‘Decisive’ coordinated action is needed to ensure a future for alcohol brief interventions, according to a report from the Alcohol Academy and Alcohol Research UK. Alcohol identification and brief advice (IBA) has proved difficult to implement effectively, says the document, with ongoing issues around primary care as the key setting and ‘understanding what brief intervention actually involves’. Alcohol brief intervention: where next for IBA? at alcoholresearchuk.org
The number of drug seizures in England and Wales fell by 14 per cent in 2014-15 to just over 167,000, according to figures from the Home Office. More than 124,000 of these were seizures of cannabis – down by 17 per cent on the previous year. Overall class A seizures were also down by 10 per cent, despite seizures of heroin increasing by more than 70 per cent. Seizures of drugs in England and Wales, 2014/15 at www.gov.uk
HELP IN SIGHT
The first guide to substance use and sight loss has been published by the Thomas Pocklington Trust, and includes key resources for professionals and best practice examples. ‘Our research found that both sight loss and substance abuse services are not adequately equipped to deal with these overlapping issues,’ said lead author Sarah Galvani. ‘Substance abuse can sometimes be used as a coping mechanism for sight loss, but the combination of both issues can create a complex challenge for support professionals.’ Substance use and sight loss at alcoholresearchuk.org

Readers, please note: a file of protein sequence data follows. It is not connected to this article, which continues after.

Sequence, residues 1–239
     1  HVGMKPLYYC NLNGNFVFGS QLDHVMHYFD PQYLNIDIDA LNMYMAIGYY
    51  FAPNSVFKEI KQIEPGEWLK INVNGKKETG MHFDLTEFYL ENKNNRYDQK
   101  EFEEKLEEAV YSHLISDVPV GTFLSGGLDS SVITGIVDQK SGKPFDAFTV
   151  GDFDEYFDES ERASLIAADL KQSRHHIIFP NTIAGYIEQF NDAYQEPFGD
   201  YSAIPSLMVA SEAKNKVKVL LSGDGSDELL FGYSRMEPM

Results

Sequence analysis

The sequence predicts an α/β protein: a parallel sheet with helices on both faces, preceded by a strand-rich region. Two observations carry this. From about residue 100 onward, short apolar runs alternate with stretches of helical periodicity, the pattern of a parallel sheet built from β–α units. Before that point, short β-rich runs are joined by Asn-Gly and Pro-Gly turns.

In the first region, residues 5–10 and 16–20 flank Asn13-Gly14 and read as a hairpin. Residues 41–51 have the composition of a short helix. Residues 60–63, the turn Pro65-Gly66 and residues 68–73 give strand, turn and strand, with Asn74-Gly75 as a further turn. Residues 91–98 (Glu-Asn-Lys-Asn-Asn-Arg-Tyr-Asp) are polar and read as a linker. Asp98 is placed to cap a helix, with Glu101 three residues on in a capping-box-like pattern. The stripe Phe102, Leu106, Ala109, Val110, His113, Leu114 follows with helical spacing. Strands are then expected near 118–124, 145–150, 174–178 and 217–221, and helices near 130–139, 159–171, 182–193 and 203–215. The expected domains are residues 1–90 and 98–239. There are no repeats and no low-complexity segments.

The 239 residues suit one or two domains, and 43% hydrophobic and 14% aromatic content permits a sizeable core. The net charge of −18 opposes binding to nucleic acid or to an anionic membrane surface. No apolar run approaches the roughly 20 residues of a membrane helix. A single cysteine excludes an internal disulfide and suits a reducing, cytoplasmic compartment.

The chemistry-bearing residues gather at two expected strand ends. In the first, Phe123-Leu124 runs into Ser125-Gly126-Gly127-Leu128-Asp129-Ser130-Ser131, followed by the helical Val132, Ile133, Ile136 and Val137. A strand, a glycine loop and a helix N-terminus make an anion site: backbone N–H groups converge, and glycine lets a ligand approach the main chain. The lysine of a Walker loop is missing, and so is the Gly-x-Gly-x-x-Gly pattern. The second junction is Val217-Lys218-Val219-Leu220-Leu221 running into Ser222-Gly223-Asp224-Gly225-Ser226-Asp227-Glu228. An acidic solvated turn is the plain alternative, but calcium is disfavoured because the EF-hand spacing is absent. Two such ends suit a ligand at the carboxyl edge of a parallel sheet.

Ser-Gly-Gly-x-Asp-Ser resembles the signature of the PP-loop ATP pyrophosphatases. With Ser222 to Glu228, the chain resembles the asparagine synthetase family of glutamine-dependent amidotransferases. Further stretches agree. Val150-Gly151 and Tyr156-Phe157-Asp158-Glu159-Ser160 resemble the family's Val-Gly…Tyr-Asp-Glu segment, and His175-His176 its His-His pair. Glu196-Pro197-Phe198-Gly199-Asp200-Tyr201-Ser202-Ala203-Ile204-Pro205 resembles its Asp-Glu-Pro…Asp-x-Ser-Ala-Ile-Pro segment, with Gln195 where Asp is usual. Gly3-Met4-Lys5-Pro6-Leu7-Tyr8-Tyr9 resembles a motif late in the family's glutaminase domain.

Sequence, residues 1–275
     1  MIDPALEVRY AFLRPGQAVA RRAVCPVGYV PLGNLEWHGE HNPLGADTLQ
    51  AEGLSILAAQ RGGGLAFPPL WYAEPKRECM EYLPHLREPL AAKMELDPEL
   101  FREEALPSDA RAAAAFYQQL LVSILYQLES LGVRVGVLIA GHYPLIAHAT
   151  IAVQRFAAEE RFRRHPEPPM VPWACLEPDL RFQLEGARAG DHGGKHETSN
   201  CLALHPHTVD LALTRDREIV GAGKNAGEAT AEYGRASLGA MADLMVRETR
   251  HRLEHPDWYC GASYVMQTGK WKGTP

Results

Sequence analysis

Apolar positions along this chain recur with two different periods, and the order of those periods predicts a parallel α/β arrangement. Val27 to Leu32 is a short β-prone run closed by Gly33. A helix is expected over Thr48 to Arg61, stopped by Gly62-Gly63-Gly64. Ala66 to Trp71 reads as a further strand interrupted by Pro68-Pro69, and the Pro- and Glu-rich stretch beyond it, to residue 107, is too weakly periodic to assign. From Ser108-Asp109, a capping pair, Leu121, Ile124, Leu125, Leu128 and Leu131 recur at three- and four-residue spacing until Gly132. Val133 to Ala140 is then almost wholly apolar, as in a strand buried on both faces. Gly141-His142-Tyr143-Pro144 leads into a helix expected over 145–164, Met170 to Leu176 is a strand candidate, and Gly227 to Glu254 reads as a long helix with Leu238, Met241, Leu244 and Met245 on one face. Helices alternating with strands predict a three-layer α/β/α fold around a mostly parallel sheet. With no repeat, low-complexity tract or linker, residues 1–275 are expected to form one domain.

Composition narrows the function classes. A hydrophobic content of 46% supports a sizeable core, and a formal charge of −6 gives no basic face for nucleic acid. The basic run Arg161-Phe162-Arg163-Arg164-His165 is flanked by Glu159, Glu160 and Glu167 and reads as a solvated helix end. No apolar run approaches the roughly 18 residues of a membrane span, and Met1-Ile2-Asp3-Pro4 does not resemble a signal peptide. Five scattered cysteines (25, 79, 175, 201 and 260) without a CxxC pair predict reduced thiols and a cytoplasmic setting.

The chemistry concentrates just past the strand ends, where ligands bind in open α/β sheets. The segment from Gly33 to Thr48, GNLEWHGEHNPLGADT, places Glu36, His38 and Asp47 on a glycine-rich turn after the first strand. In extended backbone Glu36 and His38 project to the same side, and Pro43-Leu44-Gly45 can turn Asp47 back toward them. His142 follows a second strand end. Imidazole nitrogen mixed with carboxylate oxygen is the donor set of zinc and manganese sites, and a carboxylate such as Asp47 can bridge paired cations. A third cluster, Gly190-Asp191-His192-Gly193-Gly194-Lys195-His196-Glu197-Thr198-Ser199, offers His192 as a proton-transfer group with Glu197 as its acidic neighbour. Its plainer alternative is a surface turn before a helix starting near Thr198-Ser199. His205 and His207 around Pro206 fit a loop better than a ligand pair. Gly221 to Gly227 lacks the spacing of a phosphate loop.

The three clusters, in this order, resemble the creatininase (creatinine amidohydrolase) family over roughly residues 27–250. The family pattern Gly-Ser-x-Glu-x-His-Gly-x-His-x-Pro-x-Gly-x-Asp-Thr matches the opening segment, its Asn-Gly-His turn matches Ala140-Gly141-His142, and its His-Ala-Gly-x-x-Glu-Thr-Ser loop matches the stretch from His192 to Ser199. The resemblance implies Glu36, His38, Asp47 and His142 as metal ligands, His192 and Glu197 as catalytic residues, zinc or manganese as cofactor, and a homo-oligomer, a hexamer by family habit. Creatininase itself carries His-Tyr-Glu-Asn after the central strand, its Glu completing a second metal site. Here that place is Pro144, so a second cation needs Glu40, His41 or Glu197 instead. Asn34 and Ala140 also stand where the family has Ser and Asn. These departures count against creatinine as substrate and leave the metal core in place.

More children than previously thought are dying or being hospitalised after ingesting opioid substitution therapy (OST) medications, according to a new report from Adfam. The charity says lessons from previous tragic cases have still not been learned and wants to see all incidents of children ingesting OST medication ‘fully investigated and recorded’, with the information properly analysed and shared with local services. Adfam is calling for proper training for parents as well as for all professionals who come into contact with parents and carers prescribed OST drugs.
Medications in drug treatment: tackling the risks to children – one year on at www.adfam.org.uk
HELPING CHILDREN TALK ABOUT PARENTS’ TREATMENT
A new resource booklet has been produced by The Children’s Society to help young people affected by a parent or carer’s alcohol or drug treatment.
Help me understand aims to encourage ten to 14-year-olds to talk to support workers and has been designed to communicate simply and directly, including messages from others in the same situation.
‘While having a parent or carer in treatment can be a positive thing, it can also be very confusing and distressing,’ said Joanna Manning, national lead on substance misuse at The Children’s Society. ‘[This] will be a valuable tool for workers to use in helping children and young people to stay safe and to understand the importance of accepting and sharing their feelings.’
The booklet was launched at Adfam/DDN’s safeguarding conference Everybody’s business, held in Birmingham.
Available to download at www.starsnationalinitiative.org.uk